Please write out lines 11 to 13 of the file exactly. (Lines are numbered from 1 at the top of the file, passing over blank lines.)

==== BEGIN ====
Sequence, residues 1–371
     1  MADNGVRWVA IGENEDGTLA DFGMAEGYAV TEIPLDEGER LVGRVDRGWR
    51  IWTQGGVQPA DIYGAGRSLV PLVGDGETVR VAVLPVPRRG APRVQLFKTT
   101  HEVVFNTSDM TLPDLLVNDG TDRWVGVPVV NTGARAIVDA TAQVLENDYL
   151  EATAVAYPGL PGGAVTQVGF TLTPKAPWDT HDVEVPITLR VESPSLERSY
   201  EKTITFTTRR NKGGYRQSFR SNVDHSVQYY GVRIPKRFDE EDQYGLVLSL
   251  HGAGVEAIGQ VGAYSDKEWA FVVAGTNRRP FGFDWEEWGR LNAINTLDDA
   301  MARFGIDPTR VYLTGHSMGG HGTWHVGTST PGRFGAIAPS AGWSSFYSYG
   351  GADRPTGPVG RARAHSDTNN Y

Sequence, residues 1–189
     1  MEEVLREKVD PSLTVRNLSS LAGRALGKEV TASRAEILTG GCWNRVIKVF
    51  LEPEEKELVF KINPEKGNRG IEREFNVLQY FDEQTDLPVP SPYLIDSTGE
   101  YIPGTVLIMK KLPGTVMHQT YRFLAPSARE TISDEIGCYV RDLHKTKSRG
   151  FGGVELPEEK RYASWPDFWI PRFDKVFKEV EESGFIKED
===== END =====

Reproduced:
     1  MEEVLREKVD PSLTVRNLSS LAGRALGKEV TASRAEILTG GCWNRVIKVF
    51  LEPEEKELVF KINPEKGNRG IEREFNVLQY FDEQTDLPVP SPYLIDSTGE
   101  YIPGTVLIMK KLPGTVMHQT YRFLAPSARE TISDEIGCYV RDLHKTKSRG